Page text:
Shanghai’s district court has ruled in favor of a Bitcoin holder’s right to compensation. The court admitted that Bitcoin is subject to property rights, regulations, and laws, and released a document affirming such. The ruling was made in relation to a lawsuit filed in October 2020, through which the accuser sought the recovery of a 1 BTC loan. The Shanghai High People’s Court recognized 1 BTC as having value and disposability, and as such the loan provider does have legal right to reimbursement.
China’s First-ever Ruling on Bitcoin as an Asset with Economic Value
This particular case at Shanghai’s district court is historic, given the circumstances, especially when considering that China had previously levied an official ban on cryptocurrencies, citing concerns of destabilization to the country’s financial sector.
The court ruled in favor of plaintiff Cheng Mou, and the defendant, Shi Moumou, is now legally obliged to return the BTC. However, the process will not be simple, as trading Bitcoin is no longer legal in China. Nonetheless, the affected parties have agreed on a compromise, with a resolution that the defendant will have to provide compensation for the BTC loan at a discounted price.
What This Means in Terms of Crypto Law
Even though China’s ‘High People’s Court’ stands as the top provincial court, it is unclear if courts of higher authority will be as keen to adopt a similar outlook on BTC.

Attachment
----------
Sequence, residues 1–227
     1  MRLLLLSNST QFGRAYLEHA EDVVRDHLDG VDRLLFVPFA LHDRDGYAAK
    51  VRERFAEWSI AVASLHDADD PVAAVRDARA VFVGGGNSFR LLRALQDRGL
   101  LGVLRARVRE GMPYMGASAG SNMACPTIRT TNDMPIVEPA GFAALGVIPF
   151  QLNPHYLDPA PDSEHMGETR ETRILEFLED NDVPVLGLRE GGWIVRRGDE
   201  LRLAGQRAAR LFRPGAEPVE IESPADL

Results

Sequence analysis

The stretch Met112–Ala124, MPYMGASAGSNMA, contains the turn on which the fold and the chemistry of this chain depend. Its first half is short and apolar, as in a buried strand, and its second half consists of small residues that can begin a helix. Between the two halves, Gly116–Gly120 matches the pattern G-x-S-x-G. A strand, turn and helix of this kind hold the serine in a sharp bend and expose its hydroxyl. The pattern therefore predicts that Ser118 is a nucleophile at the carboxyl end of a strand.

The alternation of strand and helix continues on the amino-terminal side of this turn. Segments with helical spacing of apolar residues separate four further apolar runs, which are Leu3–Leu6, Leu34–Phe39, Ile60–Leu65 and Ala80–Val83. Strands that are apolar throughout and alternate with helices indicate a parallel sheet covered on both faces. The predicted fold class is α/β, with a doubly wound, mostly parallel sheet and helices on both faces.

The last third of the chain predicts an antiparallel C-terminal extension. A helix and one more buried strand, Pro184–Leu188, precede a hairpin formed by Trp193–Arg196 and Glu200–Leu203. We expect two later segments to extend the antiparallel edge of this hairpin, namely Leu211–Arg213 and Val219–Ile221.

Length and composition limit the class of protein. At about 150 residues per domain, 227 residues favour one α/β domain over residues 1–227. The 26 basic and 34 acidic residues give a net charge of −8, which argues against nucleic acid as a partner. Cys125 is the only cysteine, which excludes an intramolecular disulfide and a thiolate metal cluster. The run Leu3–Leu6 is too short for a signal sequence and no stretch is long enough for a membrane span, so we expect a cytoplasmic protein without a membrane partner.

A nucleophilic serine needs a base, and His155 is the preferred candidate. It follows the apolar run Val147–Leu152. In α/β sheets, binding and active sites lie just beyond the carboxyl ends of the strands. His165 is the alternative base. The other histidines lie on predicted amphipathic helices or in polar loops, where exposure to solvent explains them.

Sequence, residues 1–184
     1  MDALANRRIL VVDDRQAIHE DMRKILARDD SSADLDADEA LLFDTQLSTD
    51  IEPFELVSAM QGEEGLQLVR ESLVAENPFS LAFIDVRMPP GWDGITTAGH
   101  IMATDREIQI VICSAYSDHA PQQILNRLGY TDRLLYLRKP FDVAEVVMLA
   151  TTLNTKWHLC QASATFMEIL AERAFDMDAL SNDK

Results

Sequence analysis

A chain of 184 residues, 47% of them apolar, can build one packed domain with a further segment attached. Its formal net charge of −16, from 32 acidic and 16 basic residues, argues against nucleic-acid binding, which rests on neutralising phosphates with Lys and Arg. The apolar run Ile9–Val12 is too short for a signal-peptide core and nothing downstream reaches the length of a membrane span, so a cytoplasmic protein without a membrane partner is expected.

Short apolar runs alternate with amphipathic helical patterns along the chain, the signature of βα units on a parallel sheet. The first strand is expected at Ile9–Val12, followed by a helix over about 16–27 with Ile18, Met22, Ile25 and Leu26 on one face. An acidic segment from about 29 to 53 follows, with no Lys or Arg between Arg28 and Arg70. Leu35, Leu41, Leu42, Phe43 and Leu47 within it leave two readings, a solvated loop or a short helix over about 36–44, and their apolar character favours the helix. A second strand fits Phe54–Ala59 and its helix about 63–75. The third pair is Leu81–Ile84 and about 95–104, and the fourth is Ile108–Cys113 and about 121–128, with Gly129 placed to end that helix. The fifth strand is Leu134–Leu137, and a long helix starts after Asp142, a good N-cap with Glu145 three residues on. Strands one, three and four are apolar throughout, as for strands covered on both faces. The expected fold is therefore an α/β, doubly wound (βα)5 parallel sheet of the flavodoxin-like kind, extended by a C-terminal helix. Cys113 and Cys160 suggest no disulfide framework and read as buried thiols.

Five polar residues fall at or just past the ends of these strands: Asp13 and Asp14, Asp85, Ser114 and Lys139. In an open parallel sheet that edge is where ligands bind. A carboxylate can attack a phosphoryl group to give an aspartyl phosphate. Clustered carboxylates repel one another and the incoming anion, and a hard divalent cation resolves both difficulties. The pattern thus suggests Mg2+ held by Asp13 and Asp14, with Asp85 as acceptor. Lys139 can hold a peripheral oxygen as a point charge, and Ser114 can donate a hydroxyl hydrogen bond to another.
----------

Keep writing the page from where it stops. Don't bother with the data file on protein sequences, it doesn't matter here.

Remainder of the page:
Beijing lawyer Liu Yang has described the ruling by the court as a “significant point of reference for Bitcoin-related civil disputes”, but was unsure as to what extent it would impact the current climate. It is well known that the Chinese government stands opposed to crypto, with efforts being made to to curb the use of crypto in China since 2017. Eventually, the Chinese government gradually cut the nation’s crypto miners off from the power supply, and similar policies are now seemingly targeting NFTs.
There is also competition between China’s native digital currency, the digital yuan, and cryptocurrencies. The digital yuan has already seen popular use at the Beijing Winter Olympics 2022, and it appears that China’s CBDC is being rapidly adopted amongst Chinese citizens, due to its use in purchasing public transport tickets. Reportedly, there are at least 80 countries working on a national CBDC. China is currently setting the tempo, thus painting a bright picture for the future of the digital yuan in place of crypto in the world’s second biggest economy.
As of mid-2020, only China and 9 other countries have begun piloting central bank digital currencies (CBDC). Most major economies, including the United States, are well behind China in developing a CBDC. Learn more: https://t.co/kn7zSd0oaE pic.twitter.com/aUeu1ninzx— ChinaPower (@ChinaPowerCSIS) May 12, 2022